TransCanada is considering all options for financing its US$8-billion now nearly decade-old Keystone XL pipeline project, including selling some assets and bringing in joint venture partners, president and chief executive Russ Girling said on the Q3 earnings call on Thursday.
“We do have a sizeable portfolio of saleable assets, contracted, that we would be willing to part with to fund part of the Keystone XL program,” Reuters quoted Girling as saying on the call. “We would entertain JV partners on this project,” TransCanada’s chief executive added.
TransCanada’s managers, however, didn’t say on the call what stake the company would want to keep in the Keystone XL project if it would welcome partners, or when it would make the final investment decision.
Executives, however, said that the company continues to work toward construction in 2019.
In its Q3 earnings release earlier on Thursday, TransCanada said it expects that the Nebraska Supreme Court could reach a decision on the Keystone XL route in the state by the first quarter of 2019.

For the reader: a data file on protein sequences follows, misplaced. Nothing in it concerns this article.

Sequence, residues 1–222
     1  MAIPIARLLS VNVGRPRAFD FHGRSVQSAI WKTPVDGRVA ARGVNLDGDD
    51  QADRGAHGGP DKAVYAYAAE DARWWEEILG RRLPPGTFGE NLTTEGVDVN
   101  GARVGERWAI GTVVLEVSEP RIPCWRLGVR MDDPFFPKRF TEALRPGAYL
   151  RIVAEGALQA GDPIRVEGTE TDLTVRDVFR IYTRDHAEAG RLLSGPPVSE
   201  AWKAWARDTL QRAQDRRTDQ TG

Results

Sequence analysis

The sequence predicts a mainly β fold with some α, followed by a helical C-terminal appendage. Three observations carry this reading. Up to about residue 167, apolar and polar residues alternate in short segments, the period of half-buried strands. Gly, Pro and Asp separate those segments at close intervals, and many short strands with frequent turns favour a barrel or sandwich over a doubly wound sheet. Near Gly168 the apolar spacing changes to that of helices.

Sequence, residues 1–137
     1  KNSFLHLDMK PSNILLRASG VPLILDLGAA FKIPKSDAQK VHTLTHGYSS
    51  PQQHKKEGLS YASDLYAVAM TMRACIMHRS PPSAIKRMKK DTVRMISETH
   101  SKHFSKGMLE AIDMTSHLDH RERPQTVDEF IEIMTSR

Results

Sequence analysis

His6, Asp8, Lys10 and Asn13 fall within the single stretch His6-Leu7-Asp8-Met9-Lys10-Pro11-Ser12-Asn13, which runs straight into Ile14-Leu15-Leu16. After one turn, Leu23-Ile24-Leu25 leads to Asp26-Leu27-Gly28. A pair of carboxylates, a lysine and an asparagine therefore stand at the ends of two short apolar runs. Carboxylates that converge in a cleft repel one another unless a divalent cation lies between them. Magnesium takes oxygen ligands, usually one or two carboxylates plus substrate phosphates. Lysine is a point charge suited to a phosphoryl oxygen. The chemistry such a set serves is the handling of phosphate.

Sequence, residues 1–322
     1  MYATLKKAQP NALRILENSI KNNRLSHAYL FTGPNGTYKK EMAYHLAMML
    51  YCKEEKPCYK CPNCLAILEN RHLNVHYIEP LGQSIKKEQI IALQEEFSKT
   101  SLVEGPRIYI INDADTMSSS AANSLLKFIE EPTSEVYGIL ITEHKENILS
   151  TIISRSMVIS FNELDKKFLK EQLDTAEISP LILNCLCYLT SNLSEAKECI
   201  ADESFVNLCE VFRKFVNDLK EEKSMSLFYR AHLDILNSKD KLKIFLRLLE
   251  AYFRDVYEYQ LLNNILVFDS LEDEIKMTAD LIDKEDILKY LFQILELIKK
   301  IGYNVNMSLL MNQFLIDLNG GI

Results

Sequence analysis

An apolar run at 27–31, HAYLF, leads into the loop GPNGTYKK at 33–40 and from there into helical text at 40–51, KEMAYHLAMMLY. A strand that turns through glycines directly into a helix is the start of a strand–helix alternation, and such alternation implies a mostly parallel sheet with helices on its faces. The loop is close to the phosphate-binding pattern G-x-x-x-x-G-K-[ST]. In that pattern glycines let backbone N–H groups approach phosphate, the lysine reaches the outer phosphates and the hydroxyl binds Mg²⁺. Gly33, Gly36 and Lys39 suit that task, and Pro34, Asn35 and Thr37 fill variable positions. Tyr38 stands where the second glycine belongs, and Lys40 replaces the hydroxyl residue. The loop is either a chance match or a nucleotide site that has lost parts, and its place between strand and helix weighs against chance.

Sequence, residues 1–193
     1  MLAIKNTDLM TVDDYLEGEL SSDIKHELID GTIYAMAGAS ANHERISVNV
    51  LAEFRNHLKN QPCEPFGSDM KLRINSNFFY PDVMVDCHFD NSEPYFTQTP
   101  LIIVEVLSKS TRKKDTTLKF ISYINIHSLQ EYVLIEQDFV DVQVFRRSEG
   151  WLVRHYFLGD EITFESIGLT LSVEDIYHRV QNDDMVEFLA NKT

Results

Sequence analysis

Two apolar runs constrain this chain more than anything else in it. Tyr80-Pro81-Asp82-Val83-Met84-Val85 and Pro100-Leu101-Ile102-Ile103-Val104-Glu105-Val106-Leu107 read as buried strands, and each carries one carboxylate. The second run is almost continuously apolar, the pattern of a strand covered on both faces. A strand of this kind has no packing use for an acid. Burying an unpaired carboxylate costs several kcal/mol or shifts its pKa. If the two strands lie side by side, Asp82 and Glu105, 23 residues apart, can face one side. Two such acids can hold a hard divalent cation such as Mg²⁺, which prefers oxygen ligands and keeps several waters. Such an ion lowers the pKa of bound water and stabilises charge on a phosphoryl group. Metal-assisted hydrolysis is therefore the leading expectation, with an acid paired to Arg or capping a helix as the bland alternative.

However, Keysone XL is facing another, more recent, legal challenge, after two U.S. Native American communities filed a lawsuit in Montana in September, challenging the Keystone XL Presidential Permit.
“It is uncertain how and when this lawsuit will proceed,” TransCanada said on Thursday.
TransCanada first proposed in 2008 to build the Keystone XL pipeline that would run from Alberta in Canada to Nebraska and the U.S. Gulf Coast. After being dumped by the previous U.S. Administration, Keystone XL was revived by President Donald Trump in one of his first decisions after taking office.
Keystone XL has become one of the most controversial oil projects in North America, but it is also one of the most important for Canadian crude oil producers who have been struggling with a significant pipeline capacity shortage that has depressed Canada’s heavy oil prices to as low as US$20 in recent weeks.
By Tsvetana Paraskova for Oilprice.com
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